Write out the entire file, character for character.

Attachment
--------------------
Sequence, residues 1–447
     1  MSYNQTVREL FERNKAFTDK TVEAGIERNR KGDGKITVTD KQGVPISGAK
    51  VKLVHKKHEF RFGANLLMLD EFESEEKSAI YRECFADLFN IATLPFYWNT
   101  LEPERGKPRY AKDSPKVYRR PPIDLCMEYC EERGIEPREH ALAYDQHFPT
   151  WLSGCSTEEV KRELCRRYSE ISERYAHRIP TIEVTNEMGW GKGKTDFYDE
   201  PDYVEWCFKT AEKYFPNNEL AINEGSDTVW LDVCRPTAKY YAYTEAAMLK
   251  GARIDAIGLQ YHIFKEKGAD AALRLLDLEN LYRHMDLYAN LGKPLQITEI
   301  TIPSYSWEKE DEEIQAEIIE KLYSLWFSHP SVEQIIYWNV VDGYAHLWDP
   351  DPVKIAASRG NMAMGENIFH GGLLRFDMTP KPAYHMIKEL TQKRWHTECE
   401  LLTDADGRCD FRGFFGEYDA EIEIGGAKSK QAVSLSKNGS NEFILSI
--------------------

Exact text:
Sequence, residues 1–447
     1  MSYNQTVREL FERNKAFTDK TVEAGIERNR KGDGKITVTD KQGVPISGAK
    51  VKLVHKKHEF RFGANLLMLD EFESEEKSAI YRECFADLFN IATLPFYWNT
   101  LEPERGKPRY AKDSPKVYRR PPIDLCMEYC EERGIEPREH ALAYDQHFPT
   151  WLSGCSTEEV KRELCRRYSE ISERYAHRIP TIEVTNEMGW GKGKTDFYDE
   201  PDYVEWCFKT AEKYFPNNEL AINEGSDTVW LDVCRPTAKY YAYTEAAMLK
   251  GARIDAIGLQ YHIFKEKGAD AALRLLDLEN LYRHMDLYAN LGKPLQITEI
   301  TIPSYSWEKE DEEIQAEIIE KLYSLWFSHP SVEQIIYWNV VDGYAHLWDP
   351  DPVKIAASRG NMAMGENIFH GGLLRFDMTP KPAYHMIKEL TQKRWHTECE
   401  LLTDADGRCD FRGFFGEYDA EIEIGGAKSK QAVSLSKNGS NEFILSI